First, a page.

2018 Chilkoot Trail Artist in Residence Hilary Lorenz enjoying the view on the trail. The application deadline is Feb. 3 for the 2021 Chilkoot Trail Artist Residency.

No wifi, no bed, no studio: ‘Oddball’ residency is the ultimate artistic immersion

This trail pushes artists out of their comfort zone and reconnects them with their practice

For most residents of the north, the land is omnipresent. It can kill you. It’s big and beautiful. So it makes sense that the land is front-and-centre in a lot of the region’s art. But for the rest of the contemporary art world, landscapes are often an afterthought.

Mary Bradshaw, Director of Visual Arts for the Yukon Arts Centre wants to bridge the gap with the Chilkoot Trail Artist Residency.

“We can respond to the world around us and still be part of contemporary art,” she says.

Printmaking on Chilkoot Pass

Through the residency, artists can explore raw landscapes from Skagway, Alaska to Bennett, BC, embrace the unexpected and connect with their artistic practice and other hikers.

For the first time since the residency began in 2011, artists have the option of using Bennett Lake Camp as a home base. Artists with less camping experience can take the train (and all their art supplies) to Bennett and then use the cabin as a jumping-off point for shorter hikes in the area.

But Bradshaw hopes many artists still do the 53 km through-hike from Dyea, Alaska to Bennett, BC.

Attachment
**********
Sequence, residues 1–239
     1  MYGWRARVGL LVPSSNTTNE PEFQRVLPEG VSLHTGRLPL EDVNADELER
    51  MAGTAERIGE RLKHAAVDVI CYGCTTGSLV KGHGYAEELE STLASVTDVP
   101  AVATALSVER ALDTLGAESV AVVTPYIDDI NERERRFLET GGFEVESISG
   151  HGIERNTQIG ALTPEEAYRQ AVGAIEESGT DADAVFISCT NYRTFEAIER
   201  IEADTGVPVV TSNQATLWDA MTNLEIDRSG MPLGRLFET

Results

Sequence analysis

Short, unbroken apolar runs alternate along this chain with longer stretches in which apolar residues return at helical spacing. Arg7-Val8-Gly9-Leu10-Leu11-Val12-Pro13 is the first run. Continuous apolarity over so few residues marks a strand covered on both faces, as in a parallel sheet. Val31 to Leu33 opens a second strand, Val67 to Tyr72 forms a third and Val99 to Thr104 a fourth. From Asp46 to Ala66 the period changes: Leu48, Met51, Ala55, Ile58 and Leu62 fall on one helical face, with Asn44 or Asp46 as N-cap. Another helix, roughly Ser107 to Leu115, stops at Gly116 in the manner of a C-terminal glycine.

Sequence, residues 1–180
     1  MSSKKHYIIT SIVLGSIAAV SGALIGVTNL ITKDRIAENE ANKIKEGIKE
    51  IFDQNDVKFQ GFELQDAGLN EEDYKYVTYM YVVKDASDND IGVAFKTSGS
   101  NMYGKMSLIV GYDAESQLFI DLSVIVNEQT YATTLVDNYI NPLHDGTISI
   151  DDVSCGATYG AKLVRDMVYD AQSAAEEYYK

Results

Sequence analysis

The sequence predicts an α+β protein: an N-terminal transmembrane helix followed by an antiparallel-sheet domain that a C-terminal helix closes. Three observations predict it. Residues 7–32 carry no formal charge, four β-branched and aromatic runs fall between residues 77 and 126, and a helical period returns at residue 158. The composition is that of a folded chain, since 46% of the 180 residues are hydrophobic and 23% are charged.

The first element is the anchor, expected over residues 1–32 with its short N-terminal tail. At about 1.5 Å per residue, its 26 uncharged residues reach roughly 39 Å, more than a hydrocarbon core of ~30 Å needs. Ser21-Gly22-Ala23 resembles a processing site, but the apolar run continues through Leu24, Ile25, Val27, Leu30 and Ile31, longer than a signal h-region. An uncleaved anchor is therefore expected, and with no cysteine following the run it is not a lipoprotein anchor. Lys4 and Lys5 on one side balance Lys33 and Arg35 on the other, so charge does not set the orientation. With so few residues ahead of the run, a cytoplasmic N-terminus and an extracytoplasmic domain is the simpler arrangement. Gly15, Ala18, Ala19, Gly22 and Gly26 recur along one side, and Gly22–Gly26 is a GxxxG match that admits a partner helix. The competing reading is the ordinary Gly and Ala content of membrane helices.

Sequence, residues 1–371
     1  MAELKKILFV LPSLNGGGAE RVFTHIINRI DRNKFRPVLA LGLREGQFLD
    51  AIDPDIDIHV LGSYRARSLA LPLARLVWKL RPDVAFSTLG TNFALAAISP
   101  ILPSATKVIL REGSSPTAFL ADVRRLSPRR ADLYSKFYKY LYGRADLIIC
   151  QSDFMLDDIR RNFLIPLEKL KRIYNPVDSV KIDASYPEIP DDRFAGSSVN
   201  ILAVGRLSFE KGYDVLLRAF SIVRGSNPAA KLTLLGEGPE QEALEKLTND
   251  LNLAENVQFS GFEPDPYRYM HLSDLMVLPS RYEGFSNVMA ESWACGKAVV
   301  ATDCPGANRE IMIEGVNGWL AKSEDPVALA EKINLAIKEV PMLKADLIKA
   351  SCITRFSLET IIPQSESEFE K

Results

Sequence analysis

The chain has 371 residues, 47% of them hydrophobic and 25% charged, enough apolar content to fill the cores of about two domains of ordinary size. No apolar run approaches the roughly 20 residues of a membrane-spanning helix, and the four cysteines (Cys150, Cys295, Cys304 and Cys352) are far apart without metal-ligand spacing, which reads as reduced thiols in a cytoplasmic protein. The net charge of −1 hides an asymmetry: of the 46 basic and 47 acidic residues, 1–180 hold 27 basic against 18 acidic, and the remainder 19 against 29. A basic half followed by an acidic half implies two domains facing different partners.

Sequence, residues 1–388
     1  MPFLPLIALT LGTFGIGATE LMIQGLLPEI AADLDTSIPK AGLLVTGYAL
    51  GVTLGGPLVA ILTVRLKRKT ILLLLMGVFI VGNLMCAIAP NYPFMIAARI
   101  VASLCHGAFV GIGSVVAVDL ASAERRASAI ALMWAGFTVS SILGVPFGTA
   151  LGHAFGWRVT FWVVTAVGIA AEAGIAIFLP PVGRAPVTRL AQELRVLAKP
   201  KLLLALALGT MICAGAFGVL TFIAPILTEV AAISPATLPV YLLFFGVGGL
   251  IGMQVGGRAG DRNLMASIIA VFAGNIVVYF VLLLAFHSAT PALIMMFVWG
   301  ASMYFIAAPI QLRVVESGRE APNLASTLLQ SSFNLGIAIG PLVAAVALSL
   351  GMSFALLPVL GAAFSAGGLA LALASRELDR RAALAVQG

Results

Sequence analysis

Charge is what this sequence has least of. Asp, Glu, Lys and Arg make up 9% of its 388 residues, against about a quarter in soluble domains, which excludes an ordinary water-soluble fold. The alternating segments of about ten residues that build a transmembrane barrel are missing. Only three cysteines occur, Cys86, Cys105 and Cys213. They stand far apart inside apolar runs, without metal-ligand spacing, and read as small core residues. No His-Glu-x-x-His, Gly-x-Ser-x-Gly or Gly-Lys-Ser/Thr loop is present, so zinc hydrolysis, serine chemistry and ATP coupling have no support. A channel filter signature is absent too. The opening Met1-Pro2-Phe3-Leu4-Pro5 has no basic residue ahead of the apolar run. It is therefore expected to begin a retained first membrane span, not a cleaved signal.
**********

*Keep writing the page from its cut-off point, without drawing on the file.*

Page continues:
“Hiking from end-to-end lets artists experience the trail’s dramatic ecological changes.”

That sentiment was echoed by 2018 Chilkoot Trail artist-in-residence Hilary Lorenz.

“At every camp the wilderness changes radically. So I’m in the wilderness and then I’m in these huge open vistas and then I’m in desert. Every day brings a new experience and it also brings complete surprise.”

While the residency at Bennett Lake Camp will allow artists to bring more materials, doing the through-hike doesn’t necessarily mean you have to abandon your supplies.

“All artists get a food cache air-dropped along the trail, but Josh K. Winkler put mostly printmaking supplies in his cache, which meant he could host a workshop at the summit,” Bradshaw says.

“After cooking their dinners, hikers learned the relief carving and printing process in or around campsite shelters. These postcard-like prints allowed hikers to create visual reflections after all the thinking/walking hours they had built up on the trail,” Winkler says.

Depending on which option the artist chooses, time spent on the trail will be five to ten days.

For artists, the residency offers an opportunity to reconnect with their practice, share their work, and receive $3,000 to defray costs. For the community, it brings opportunities to engage and reflect, whether that’s printmaking on the trail or at artist talks in Skagway and Whitehorse.

The Yukon Arts Centre receives between 100 and 150 applications for the residency each year, Bradshaw says, “and we’re only able to choose three, which is heartbreaking.”

So how should you set yourself apart on your application?

Be sure to explain why time on the trail makes sense for your existing artistic practice, and give details of your plan to interact with hikers.

“The trail is a pretty social place, which might be surprising considering how remote it is.”

RELATED: Yukon art brought to light in new online permanent collection

ArtsArts and culture

 

2018 Chilkoot Trail Artist in Residence Hilary Lorenz leads an artist’s workshop along the trail. The application deadline is Feb. 3 for the 2021 Chilkoot Trail Artist Residency.

The BC side of the Chilkoot Trail. The application deadline is Feb. 3 for the 2021 Chilkoot Trail Artist Residency.

Just Posted

Team Yukon skip Laura Eby, left, directs her team as Team Northern Ontario skip Krysta Burns looks on at the Scotties Tournament of Hearts in Calgary on Feb. 22. (Jeff McIntosh/CP)